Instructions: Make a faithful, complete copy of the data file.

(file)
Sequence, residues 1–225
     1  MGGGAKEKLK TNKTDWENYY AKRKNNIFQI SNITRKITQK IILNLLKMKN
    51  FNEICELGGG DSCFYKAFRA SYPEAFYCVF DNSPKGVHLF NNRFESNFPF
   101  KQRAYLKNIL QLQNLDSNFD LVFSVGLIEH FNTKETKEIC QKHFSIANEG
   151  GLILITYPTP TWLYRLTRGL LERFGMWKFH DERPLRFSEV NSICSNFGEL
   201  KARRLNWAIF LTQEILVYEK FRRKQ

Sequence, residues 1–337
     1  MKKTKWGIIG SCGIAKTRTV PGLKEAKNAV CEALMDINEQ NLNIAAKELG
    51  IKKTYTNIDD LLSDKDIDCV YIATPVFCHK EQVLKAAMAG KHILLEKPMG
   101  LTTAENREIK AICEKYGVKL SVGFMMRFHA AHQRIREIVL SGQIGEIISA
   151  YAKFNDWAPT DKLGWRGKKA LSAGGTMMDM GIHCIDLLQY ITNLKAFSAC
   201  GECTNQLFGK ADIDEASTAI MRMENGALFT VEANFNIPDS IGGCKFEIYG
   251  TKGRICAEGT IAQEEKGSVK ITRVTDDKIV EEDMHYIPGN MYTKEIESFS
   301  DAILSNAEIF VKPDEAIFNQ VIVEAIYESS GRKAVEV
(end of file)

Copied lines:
Sequence, residues 1–225
     1  MGGGAKEKLK TNKTDWENYY AKRKNNIFQI SNITRKITQK IILNLLKMKN
    51  FNEICELGGG DSCFYKAFRA SYPEAFYCVF DNSPKGVHLF NNRFESNFPF
   101  KQRAYLKNIL QLQNLDSNFD LVFSVGLIEH FNTKETKEIC QKHFSIANEG
   151  GLILITYPTP TWLYRLTRGL LERFGMWKFH DERPLRFSEV NSICSNFGEL
   201  KARRLNWAIF LTQEILVYEK FRRKQ

Sequence, residues 1–337
     1  MKKTKWGIIG SCGIAKTRTV PGLKEAKNAV CEALMDINEQ NLNIAAKELG
    51  IKKTYTNIDD LLSDKDIDCV YIATPVFCHK EQVLKAAMAG KHILLEKPMG
   101  LTTAENREIK AICEKYGVKL SVGFMMRFHA AHQRIREIVL SGQIGEIISA
   151  YAKFNDWAPT DKLGWRGKKA LSAGGTMMDM GIHCIDLLQY ITNLKAFSAC
   201  GECTNQLFGK ADIDEASTAI MRMENGALFT VEANFNIPDS IGGCKFEIYG
   251  TKGRICAEGT IAQEEKGSVK ITRVTDDKIV EEDMHYIPGN MYTKEIESFS
   301  DAILSNAEIF VKPDEAIFNQ VIVEAIYESS GRKAVEV